On saying nothing…

When I read my first Jack Reacher novel (61 hours, by Lee Child), one phrase struck me. It’s in every Reacher novel, sprinkled sparingly into the prose like a subtle spice.

Reacher said nothing.

Usually it’s in the midst of tense dialogue, at a point where nineteen out of twenty people, and thus most readers, would have said something. But Jack Reacher held his tongue. Not because he was afraid to speak, quite the reverse. It made me, as a reader, re-evaluate what I would have said, and come to the conclusion that Jack was right, it was better not to speak at this point. …


Write what you don’t know…

About 18 months ago I was at the York Writer’s Festival pitching my book 66 Metres to three agents, who all roundly rejected it. One of them took me aside, and said, ‘Look, this book is about a young Russian woman. You’re not Russian, you’re not a woman, and let’s face it…’ He told me to write about what I knew. I decided to stick to my course instead, and a year later 66 Metres was published by Harper Collins.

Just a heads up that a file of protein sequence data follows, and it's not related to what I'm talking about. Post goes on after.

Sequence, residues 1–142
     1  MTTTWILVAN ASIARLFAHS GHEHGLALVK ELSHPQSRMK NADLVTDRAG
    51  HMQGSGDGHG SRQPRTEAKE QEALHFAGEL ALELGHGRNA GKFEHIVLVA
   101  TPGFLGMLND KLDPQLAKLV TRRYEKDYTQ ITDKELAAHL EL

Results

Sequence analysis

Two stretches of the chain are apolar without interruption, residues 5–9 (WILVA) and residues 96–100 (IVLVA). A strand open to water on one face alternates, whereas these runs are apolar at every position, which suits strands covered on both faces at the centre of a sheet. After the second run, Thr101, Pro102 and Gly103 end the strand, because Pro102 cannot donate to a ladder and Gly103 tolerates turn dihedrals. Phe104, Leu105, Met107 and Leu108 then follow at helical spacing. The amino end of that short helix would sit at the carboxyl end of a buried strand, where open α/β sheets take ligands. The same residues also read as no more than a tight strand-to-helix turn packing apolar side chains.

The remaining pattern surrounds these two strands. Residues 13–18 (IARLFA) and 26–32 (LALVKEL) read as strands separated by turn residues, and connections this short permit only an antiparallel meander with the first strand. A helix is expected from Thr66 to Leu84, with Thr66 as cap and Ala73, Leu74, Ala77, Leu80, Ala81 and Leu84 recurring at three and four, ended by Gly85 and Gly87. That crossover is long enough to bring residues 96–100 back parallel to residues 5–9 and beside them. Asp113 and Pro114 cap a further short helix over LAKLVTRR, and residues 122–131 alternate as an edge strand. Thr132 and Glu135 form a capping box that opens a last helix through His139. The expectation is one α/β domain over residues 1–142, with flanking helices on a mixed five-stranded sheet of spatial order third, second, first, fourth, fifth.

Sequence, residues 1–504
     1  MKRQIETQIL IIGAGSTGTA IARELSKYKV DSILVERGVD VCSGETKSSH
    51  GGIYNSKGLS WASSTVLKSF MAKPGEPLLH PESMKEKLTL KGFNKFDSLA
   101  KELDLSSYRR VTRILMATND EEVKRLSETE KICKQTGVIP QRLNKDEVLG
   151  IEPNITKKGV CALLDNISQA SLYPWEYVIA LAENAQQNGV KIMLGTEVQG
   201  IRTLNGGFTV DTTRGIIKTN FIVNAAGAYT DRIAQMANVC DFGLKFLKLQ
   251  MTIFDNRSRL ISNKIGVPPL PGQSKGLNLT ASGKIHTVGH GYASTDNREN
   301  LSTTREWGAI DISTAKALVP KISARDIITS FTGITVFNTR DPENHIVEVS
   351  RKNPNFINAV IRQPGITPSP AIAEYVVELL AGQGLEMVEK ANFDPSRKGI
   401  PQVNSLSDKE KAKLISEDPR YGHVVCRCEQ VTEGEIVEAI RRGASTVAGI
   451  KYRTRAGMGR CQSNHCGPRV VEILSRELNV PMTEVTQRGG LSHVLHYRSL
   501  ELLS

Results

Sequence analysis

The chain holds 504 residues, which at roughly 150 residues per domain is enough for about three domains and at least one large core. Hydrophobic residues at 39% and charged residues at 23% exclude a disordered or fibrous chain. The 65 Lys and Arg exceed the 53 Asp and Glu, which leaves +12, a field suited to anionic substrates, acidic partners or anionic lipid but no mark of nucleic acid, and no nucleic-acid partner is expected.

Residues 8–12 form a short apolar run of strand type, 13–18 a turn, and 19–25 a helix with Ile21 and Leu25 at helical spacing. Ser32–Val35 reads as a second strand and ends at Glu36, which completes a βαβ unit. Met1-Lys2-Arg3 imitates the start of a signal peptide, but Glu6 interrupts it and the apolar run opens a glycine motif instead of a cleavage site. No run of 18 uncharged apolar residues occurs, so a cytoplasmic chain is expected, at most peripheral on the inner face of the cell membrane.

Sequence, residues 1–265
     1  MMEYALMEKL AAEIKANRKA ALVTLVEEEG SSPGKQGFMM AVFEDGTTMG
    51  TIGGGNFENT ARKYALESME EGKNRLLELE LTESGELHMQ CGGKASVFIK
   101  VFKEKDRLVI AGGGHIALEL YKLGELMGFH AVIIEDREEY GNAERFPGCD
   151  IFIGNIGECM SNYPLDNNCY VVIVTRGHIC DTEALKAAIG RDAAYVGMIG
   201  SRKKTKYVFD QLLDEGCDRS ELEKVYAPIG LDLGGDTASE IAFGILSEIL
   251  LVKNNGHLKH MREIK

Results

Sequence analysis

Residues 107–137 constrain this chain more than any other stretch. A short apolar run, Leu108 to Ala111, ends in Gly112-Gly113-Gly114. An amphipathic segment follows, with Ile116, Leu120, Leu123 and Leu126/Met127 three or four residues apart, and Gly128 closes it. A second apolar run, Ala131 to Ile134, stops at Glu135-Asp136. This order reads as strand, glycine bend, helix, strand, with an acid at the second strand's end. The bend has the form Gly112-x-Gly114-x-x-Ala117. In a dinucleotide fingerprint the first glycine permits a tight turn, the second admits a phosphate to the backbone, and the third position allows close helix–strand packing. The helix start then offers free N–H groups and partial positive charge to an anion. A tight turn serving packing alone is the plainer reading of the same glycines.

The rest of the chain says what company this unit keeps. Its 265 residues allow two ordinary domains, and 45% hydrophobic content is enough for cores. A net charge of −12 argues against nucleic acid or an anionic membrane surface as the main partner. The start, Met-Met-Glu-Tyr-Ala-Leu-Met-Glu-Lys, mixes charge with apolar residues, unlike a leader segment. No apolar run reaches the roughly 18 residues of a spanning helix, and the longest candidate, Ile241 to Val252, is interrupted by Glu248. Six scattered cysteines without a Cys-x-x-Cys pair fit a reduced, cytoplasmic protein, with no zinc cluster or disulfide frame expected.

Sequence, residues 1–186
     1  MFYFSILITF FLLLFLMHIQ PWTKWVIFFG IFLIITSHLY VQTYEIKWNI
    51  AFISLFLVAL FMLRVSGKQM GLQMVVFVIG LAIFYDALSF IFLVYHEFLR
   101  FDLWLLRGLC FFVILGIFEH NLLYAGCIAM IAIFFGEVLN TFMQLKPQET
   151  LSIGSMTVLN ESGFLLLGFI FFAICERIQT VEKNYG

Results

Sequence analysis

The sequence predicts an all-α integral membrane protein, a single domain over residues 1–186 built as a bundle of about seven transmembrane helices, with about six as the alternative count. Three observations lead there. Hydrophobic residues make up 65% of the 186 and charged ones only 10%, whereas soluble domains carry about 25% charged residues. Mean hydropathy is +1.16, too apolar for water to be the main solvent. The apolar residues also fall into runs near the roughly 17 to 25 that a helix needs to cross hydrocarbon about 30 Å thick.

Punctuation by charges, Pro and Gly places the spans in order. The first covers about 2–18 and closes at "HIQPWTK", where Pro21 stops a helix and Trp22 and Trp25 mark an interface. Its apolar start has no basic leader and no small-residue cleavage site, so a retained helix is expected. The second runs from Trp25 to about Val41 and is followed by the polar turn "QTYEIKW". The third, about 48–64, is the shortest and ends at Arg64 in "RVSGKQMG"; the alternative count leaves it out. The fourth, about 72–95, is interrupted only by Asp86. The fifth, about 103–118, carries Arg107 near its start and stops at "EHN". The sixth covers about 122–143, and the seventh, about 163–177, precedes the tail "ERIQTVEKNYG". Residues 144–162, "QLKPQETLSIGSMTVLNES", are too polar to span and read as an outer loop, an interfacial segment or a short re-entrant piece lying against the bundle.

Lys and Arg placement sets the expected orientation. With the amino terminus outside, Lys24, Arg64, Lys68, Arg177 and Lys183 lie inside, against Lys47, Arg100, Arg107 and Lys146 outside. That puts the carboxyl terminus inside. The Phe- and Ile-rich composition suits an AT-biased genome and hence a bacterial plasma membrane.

But ever since that conversation, it got me thinking about the adage ‘write what you know.’…


Inside a killer’s head

When writing a thriller, there needs to be a sense of jeopardy for the protagonist. Perhaps a killer is after her, maybe more than one. The killer can be left vague, abstract, distant, and this allows the reader to imagine how terrifying they can be. [nice image by Jiceh, by the way]

Or…

The author can go inside the killer’s head, show the reader what is in there. This approach is less followed, for several reasons.

(1) The writer is not a killer (well, usually, one hopes), and writers should ‘write what they know’.…